Air Tanker Fleet Down 75% from 2006; Insufficient to Battle CO Wildfires

Wildfires in Colorado have now burned over 180,000 acres. Unfortunately, these fires come at a time when the federal government has a historically low number of air tankers to fight such blazes. By the government's own estimates, it currently has under contract just one-half to one-third of the firefighting planes it needs.

The U.S. Forest Service contracts with private companies around the country to provide air tankers to respond to wildfires like the ones now raging in Colorado. Many of these air tankers are aging planes, some of which first saw service in the 1950s. ABC reports that tanker "crashes in 2002 and 2004 led to stricter safety standards that eliminated dozens of aging air tankers from the fleet." As a result, the number of fire-fighting planes dropped from 44 in 2006 to 11 at the beginning of this fire season. That decline has not been without controversy.

In April 2011, the FAA questioned the certification of three air tankers operated by a California firm called Aero Union. At the time, Aero Union maintained and operated 8 of the remaining 19 planes available for fire-fighting work. A report in a Lubbock, Texas paper, where three of the Aero Union planes were fighting wildfires at the time, suggested that the issue was one of completing agreed upon inspections:

Britt Gourley, president and CEO of the Aero Union, said his company stopped flying its three aircraft because of an ongoing conflict with the U.S. Forest Service and the Federal Aviation Administration concerning the company’s certification.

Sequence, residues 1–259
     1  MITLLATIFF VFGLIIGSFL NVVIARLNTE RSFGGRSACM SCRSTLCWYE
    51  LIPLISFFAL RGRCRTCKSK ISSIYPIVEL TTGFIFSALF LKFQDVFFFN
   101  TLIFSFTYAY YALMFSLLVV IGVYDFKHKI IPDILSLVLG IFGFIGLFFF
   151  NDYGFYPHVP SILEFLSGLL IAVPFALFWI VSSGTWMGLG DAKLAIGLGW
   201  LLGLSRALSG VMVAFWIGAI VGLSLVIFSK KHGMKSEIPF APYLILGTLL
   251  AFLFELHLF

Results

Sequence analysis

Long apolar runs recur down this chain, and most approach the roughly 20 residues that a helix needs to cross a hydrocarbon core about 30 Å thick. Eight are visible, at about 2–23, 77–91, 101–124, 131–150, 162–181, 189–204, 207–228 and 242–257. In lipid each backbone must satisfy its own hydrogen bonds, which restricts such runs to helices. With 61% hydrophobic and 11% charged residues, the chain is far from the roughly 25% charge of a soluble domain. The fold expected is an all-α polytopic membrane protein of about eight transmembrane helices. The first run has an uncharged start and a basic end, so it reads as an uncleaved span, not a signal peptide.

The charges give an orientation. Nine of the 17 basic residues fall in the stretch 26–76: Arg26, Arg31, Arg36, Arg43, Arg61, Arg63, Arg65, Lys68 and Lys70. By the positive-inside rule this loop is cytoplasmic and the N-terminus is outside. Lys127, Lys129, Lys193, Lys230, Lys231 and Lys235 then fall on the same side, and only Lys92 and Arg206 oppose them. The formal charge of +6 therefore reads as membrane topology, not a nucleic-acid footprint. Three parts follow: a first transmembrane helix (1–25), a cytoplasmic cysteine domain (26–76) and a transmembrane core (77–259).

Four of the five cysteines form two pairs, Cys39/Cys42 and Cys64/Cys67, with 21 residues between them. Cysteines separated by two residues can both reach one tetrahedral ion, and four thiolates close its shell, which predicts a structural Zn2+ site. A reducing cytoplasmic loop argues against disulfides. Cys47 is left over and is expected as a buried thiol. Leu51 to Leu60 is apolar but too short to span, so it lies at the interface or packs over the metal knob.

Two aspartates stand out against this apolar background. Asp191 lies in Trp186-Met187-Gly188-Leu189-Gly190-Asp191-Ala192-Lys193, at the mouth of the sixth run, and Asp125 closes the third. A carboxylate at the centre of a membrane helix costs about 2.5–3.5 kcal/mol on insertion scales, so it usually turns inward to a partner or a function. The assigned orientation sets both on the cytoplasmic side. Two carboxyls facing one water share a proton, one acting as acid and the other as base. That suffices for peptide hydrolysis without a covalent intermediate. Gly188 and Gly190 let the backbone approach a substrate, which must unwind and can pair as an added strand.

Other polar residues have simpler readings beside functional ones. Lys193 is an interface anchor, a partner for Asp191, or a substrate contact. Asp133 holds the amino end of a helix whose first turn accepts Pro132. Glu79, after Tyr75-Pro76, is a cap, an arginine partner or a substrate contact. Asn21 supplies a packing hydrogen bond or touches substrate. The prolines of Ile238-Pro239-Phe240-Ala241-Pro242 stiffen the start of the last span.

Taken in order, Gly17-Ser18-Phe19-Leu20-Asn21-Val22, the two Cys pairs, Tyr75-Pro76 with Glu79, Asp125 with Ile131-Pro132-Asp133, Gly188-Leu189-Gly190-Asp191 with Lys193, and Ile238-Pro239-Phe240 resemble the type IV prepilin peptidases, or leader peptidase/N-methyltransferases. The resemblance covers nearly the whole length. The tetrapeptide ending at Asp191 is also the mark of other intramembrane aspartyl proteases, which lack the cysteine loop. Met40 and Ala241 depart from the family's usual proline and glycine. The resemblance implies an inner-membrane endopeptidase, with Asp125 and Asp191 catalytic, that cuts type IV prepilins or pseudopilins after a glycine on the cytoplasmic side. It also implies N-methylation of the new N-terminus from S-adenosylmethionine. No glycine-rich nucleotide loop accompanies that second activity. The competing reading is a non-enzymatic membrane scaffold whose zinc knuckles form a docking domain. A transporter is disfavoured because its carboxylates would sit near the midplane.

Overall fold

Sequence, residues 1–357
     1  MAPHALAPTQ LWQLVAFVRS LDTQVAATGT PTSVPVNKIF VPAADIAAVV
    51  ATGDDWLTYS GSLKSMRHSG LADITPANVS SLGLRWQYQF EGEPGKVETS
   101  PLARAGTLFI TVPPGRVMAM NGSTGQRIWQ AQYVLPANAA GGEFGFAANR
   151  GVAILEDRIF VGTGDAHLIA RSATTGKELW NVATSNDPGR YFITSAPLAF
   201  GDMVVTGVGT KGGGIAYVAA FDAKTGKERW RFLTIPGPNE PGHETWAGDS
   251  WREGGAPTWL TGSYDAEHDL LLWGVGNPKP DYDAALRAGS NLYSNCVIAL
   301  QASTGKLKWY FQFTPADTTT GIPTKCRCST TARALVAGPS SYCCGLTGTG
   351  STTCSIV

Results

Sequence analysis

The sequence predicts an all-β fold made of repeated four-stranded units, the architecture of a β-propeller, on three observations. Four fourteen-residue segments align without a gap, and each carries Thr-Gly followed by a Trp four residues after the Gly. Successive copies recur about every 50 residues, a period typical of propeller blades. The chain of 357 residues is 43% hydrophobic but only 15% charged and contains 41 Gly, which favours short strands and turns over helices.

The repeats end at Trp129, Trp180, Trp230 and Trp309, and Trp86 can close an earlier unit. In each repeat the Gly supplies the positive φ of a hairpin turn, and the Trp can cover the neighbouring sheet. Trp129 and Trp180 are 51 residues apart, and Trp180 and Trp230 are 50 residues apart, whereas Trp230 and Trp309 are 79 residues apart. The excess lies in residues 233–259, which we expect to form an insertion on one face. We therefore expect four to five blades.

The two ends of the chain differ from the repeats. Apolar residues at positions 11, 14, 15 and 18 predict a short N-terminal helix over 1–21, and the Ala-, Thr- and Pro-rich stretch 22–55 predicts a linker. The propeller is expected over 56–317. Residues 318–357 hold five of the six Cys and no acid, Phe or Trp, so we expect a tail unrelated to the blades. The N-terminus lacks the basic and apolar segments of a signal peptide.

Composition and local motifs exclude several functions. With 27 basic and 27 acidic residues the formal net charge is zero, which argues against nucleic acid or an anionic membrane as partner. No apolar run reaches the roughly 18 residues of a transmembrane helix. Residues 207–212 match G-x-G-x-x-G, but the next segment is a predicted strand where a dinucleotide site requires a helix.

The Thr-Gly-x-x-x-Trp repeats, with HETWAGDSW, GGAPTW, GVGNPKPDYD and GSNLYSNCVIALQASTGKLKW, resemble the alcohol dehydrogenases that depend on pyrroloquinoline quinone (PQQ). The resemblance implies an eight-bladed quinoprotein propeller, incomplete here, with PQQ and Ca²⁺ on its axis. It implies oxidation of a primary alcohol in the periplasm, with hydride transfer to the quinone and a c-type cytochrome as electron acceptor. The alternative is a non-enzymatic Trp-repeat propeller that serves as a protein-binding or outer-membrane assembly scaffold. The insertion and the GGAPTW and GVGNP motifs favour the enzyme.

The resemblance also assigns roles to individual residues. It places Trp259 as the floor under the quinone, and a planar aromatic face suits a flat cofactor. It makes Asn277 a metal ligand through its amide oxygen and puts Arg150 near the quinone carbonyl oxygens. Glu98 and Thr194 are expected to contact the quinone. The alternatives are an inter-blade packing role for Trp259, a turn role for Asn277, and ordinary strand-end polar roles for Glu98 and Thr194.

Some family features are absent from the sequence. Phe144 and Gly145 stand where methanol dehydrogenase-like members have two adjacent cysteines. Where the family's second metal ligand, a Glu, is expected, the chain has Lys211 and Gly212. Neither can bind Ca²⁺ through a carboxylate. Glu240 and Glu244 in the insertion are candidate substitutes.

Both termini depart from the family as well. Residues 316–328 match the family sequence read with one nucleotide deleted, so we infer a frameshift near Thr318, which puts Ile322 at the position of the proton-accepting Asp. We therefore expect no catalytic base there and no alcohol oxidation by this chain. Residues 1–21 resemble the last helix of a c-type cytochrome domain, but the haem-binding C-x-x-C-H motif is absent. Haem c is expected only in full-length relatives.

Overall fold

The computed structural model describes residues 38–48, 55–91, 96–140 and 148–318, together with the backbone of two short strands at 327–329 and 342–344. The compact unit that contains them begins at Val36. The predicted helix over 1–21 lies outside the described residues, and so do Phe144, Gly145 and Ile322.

Gourley said his company initially was given certification by the FAA and U.S. Forest Service in 2007, with the understanding Aero Union would put its fleet of eight P3 air tankers through a gauntlet of inspections as part of the FAA’s phase-in program.

He said the planes already have gone through and passed the most crucial inspections at a cost of more than $11 million...But additional inspections remain, which he estimates would cost more than $20 million. Gourley said his company had planned to finish those inspections and part replacements by 2013.

An emergency meeting between the company and the U.S. Forest Service led to the resolution of the problem less than a week later. However, two months after that the Forest Service abruptly cancelled its entire contract with Aero Union in the middle of the fire season. The company was forced to lay off the majority of its work force.

As a result of cancelling the contract with Aero Union, the Forest Service was left with just 11 large tankers under contract at the beginning of this year's wildfire season. That number dropped to nine planes after two tankers owned by two different companies crashed earlier this month. One of the crashes killed two pilots.

The Forest Service initiated a modernization strategy in February which called for "18 to 28 large air tankers," two to three times the 9 planes remaining under contract. As a result, the Forest Service has been forced to borrow planes from state fire-fighting agencies and from the Canadian government.

Two weeks ago, the Forest Service announced that new contracts had been signed with four air tanker companies, including two that owned the two planes which crashed this month. Eventually, these contracts will add another seven planes to the available tanker fleet, but those will not be available until later this year or 2013.


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